Separate: Never let raw eggs come into contact with any food that will be eaten raw.
Eating Out: Avoid restaurant dishes made with raw or lightly cooked, unpasteurized eggs. When in a restaurant, ask if they use pasteurized eggs before ordering anything that might result in consumption of raw or lightly cooked eggs, such as Hollandaise sauce or Caesar salad dressing.
Please contact us with any questions you may have about keeping your family safe from foodborne illness. We are happy to help! Click here to purchase CitroBio Fresh Food Wash for Food Safety.
On February 28, 2018, the CDC announced that there was an outbreak of Salmonella linked to sprouts that were served at a restaurant in the midwest, as well as a grocery store. Ten people have been infected with Salmonella as a result of the outbreak. Following the outbreak, the FDA collected samples from the growers and suppliers and have consistently received negative results, so it appears the outbreak is over.
Raw sprouts are one of the more dangerous foods to consume with regard to food safety. The biggest contaminators are E. coli and Salmonella, but Listeria can also be an issue. If you experience nausea, diarrhea, fever or stomach cramps 12 to 72 hours after consuming sprouts, they are likely the culprit.
There's no reliable way to see or smell if your sprouts are harboring unpleasant bacteria. Fortunately, proper washing and cooking of sprouts will kill the harmful bacteria. Those with weakened immune systems, children, the elderly, and pregnant women should not eat raw or lightly cooked sprouts. Sprouts should be thoroughly washed and cooked to ensure bacteria is killed.
In addition to proper cooking, be sure to maintain food safety standards when handling or consuming sprouts. Only buy fresh sprouts that have been properly refrigerated. Don't buy sprouts that smell musty or appear slimy. Wash your hands thoroughly before consuming sprouts. Consider washing sprouts in a solution like CitroBio Fresh Food Wash.
CitroBio Fresh Food Wash preserves texture, color, and freshness of food, while inhibiting the growth of bacteria. It extends the shelf life of whole and fresh cut food and is made with FDA/GRAS ingredients. It is colorless, tasteless and odorless on food, and made in the U.S.A. Click here to purchase CitroBio on Amazon.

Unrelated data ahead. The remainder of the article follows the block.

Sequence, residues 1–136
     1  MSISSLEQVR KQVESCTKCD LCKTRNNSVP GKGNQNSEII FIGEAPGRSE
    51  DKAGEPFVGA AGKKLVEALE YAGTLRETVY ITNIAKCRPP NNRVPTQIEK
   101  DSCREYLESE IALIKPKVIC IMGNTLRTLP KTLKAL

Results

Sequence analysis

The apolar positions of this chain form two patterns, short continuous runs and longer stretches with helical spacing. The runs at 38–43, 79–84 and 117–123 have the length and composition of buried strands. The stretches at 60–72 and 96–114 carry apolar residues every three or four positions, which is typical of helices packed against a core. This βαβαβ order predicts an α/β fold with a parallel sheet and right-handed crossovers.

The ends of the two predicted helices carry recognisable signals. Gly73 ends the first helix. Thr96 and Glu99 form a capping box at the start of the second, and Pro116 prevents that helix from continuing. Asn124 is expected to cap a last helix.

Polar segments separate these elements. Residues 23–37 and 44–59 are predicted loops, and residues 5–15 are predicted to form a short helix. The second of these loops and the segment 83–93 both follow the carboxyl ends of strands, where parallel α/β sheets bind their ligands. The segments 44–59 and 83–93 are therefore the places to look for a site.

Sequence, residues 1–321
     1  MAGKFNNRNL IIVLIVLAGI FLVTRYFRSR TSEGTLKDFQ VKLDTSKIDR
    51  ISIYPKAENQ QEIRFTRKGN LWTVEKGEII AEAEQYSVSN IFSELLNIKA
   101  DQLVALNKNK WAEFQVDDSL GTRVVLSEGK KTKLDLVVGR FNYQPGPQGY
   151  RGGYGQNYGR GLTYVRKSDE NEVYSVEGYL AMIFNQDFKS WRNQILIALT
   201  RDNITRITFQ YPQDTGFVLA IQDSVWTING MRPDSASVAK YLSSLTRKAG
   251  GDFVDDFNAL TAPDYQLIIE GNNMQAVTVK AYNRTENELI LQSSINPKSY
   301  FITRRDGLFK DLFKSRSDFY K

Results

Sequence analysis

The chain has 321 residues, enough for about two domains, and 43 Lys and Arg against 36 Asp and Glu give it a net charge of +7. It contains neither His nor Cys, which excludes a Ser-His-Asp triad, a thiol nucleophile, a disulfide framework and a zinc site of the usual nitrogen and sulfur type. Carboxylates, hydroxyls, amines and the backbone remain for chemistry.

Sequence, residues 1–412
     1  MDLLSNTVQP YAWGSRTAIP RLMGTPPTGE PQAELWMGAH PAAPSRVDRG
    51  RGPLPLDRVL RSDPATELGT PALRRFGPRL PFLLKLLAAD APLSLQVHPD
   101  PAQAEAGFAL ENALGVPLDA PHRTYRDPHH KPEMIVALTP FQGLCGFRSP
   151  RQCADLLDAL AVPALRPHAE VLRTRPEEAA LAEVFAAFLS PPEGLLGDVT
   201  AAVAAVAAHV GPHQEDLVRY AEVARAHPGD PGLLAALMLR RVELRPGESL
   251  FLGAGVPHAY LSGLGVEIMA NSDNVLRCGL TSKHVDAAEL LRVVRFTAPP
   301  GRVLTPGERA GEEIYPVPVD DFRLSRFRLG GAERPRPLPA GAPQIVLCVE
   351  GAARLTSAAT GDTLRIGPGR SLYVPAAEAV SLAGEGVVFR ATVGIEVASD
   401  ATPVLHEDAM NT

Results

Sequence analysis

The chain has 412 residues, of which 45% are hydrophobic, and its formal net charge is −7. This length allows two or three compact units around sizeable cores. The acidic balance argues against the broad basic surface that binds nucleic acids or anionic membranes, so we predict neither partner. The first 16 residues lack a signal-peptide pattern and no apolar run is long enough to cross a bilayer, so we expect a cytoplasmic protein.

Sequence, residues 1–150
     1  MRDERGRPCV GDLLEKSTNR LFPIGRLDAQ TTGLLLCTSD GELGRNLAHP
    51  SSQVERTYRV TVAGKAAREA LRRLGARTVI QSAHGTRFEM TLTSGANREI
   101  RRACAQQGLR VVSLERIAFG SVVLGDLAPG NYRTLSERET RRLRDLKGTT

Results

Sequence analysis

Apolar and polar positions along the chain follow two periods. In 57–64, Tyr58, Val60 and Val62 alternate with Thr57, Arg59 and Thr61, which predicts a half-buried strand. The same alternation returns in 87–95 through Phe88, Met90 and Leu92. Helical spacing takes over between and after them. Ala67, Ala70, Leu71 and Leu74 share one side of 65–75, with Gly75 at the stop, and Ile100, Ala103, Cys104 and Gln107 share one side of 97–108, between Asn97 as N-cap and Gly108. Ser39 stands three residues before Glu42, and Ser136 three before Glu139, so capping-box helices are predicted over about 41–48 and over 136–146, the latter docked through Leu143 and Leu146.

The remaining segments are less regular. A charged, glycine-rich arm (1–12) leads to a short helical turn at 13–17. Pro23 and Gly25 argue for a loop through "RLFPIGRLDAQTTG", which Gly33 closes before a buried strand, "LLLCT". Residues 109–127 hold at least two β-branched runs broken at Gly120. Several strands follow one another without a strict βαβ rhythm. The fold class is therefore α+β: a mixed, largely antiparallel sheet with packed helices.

In late November and early December, people across Canada and the United States become ill following the consumption of romaine lettuce contaminated with E. coli. There were 42 cases of E. coli across Canada reported, and 25 in the United States. Several people were hospitalized, and two individuals died as a result of complications from the E. coli poisoning. Canada identified romaine lettuce as the culprit, but the United States wasn’t able to pin down a specific type of produce and cautioned consumers about all “leafy greens.”
The good news is, as of January 2018, romaine lettuce and leafy greens have been deemed safe to eat again. The last illness was reported on December 12, 2017. Why, however, do these food poisoning outbreaks keep happening? The answer is cross-contamination. E. coli bacteria live naturally in the intestines of cattle, poultry and other animals. Commonly, when produce is tainted by E. coli, it is due to coming into contact with infected animal feces. Lettuce and other leafy greens can become contaminated by bacteria in the field by soil, contaminated water, animals themselves, or manure.
What can be done to protect your family from E. coli? Proper food safety techniques will reduce the risk of an E. coli infection. Wash your hands thoroughly with soap and water before and after handling food. When preparing lettuce, discard the outer leaves. Wash unpackaged lettuce with cool, fresh running water. Keep rinsing lettuce until all visible dirt has been washed away. Don’t soak greens in the sink, as your sink may be contaminated with bacteria. Use warm water and soap to wash all utensils, countertops, cutting boards, and storage containers to avoid cross-contamination. Lettuce should be used within seven days of purchase. Discard lettuce when the leaves become wilted or brown.
As you can see, it is very important to thoroughly clean produce before consuming. For extra protection, we recommend washing with CitroBio Fresh Food Wash which is effective against E. coli, listeria, salmonella, and other pathogens — click here to purchase on Amazon!